Seattle is working on a city takeover and expansion of the underused Pronto Cycle Share network, doubling the number of bicycles and adding bike stations in more neighborhoods.
Seattle transportation director Scott Kubly is working on a city takeover and expansion of the underused Pronto Cycle Share network — in hopes a broader coverage territory will make the bikes more useful.
“It’s like cellphones. Cellphones are only useful if your network is big,” he said Friday.
The Seattle Department of Transportation (SDOT) would take over the bicycles and stations from the nonprofit that operates Pronto now. The city would contract directly with an operating company.
When Pronto opened a year ago, ridership lagged early, at around one trip per bike per day. Kubly called that a seasonal pattern, and said use improved to two or three trips per bicycle this summer.
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By comparison, as many as six drivers per day use each Car2Go vehicle, which follows a similar short-term rental model.
The proposal to boost the bicycle network is laid out in Mayor Ed Murray’s budget proposal, announced this week. Murray called fora $5 million city contribution to purchase 2,000 new bicycles, to go with a potential $10 million in matching federal grants for stations and other needs. Kubly said sponsorships would add $3 million.
The idea surfaced earlier this year, as a section of a $25 million federal grant request, primarily to seek $15 million toward the Northgate Station walk-bike bridge over Interstate 5, plus $10 million for the citywide bicycle network.
The grant request touts bike stations around North Seattle College and South Seattle College, which serve higher proportions of low-income and minority students than the city population in general.
Bicycles could also spread to West Seattle, Beacon Hill, Columbia City, Queen Anne Hill, Fremont and other areas. The city would start to add bicycles next year, to end up with 2,500 bicycles and 250 stations, compared to the existing 500 bikes for 50 stations at the University District, Capitol Hill, South Lake Union and downtown.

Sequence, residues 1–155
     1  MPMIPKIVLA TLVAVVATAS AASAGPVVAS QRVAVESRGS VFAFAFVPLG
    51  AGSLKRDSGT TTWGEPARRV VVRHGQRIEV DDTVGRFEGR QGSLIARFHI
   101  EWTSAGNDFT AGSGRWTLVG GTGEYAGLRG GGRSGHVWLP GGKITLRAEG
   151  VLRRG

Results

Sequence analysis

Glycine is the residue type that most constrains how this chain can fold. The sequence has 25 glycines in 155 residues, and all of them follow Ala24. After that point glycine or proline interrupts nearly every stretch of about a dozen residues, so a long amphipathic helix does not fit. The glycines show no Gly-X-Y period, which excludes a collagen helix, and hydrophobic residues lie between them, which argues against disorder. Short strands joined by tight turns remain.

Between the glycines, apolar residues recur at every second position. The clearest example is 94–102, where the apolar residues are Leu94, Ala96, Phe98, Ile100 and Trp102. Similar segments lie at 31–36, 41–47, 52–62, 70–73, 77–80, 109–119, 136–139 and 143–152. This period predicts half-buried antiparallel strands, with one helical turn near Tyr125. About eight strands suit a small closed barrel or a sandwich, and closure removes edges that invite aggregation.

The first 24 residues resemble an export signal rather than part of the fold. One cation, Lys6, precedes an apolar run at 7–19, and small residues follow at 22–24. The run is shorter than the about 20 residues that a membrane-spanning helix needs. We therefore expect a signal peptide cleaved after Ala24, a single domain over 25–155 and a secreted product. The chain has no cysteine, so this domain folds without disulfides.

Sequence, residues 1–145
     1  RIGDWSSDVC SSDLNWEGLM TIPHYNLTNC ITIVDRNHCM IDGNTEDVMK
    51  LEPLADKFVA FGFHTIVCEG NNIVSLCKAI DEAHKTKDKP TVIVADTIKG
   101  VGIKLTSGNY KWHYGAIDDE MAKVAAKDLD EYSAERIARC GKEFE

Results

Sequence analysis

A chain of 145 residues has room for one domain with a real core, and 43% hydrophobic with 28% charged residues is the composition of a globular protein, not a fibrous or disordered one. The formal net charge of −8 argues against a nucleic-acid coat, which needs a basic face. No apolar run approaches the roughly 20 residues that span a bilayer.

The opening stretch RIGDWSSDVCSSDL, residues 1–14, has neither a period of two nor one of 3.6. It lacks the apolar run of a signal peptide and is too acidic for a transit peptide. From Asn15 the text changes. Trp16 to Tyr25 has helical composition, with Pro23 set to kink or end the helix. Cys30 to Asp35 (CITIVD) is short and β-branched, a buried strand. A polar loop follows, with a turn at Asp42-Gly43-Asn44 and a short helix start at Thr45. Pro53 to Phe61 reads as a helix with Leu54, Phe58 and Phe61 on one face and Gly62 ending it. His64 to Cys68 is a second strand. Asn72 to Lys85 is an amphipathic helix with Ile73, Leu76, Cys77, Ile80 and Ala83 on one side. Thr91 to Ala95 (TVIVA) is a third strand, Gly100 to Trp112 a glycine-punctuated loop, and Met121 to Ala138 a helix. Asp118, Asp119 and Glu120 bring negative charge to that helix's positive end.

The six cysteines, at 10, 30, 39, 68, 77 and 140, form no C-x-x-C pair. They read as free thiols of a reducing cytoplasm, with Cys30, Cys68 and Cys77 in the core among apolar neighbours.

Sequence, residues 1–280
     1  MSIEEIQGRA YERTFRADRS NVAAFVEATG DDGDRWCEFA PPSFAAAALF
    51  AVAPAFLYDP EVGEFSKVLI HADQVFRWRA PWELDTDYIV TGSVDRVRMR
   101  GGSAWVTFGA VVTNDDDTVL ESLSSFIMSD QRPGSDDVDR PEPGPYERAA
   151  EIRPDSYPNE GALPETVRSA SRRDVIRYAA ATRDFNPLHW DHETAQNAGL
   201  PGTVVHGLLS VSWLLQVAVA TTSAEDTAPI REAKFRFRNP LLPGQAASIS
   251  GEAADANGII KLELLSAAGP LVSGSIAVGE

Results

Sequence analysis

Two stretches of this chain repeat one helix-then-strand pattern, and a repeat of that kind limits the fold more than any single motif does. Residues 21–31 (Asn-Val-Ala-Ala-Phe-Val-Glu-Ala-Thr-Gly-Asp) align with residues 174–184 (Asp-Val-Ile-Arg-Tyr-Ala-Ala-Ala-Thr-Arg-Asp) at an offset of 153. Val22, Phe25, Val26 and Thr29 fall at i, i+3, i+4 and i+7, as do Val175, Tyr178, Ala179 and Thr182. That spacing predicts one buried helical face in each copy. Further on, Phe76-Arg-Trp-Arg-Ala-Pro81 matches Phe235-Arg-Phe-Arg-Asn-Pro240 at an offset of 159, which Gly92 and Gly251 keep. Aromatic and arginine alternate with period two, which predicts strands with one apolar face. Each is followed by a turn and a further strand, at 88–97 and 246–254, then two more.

Kubly also would add electric bicycles, to help people conquer the city’s many hills, the Seattle Bike Blog reported.
Users currently pay $8 a day, $16 for three days or $85 for a yearly membership, to rent the bikes for unlimited short trips.
Kubly was a former acting president of Portland-based Alta Bicycle Share, and in his government career has worked with bicycle networks in Chicago and Washington, D.C.
This summer, Pronto executive director Holly Houser left the nonprofit organization, now operated by Brooklyn-based Motivate. Pronto last year received $1.25 million in startup money from state and federal governments, and private sponsorships including $500,000 from Seattle Children’s, and $2.5 million from Alaska Airlines.
Kubly likens Seattle to the nation’s capital: same-sized population, dense downtown, high tourism. After Capital Bike Share scaled up to 1,100 bicycles, use soared to six daily trips per bike, he said.
Downtown Seattle remains a hazardous place to ride — a likely drag on Pronto use. The city is slowly adding protected bikeways, such as the popular Mercer Street underpass that opened in May.
As a backdoor political effect, a larger Pronto might prod the city to develop corridors faster. The Murray administration in mid-2014 accelerated the Second Avenue bicycle lane, which opened weeks before Pronto’s startup.
Kubly emphasized Friday that more bikes would help people reach the Aurora Avenue RapidRide E Line bus, or cross Rainier Valley to reach light-rail stations.
The $5 million in Murray’s budget proposal isn’t part of this fall’s $930 million Move Seattle property-tax ballot measure, but the levy’s passage or failure could influence the size of the bike network, according to the budget.
The city’s $5 million would be raised through street-use fees, Kubly said. But the city is pledging to deliver 50 miles of protected bikeways in the Move Seattle levy, to include stretches of Fourth Avenue, Fifth Avenue, Eastlake Avenue East, Rainier Avenue South and the Ballard “missing link” of the Burke-Gilman Trail.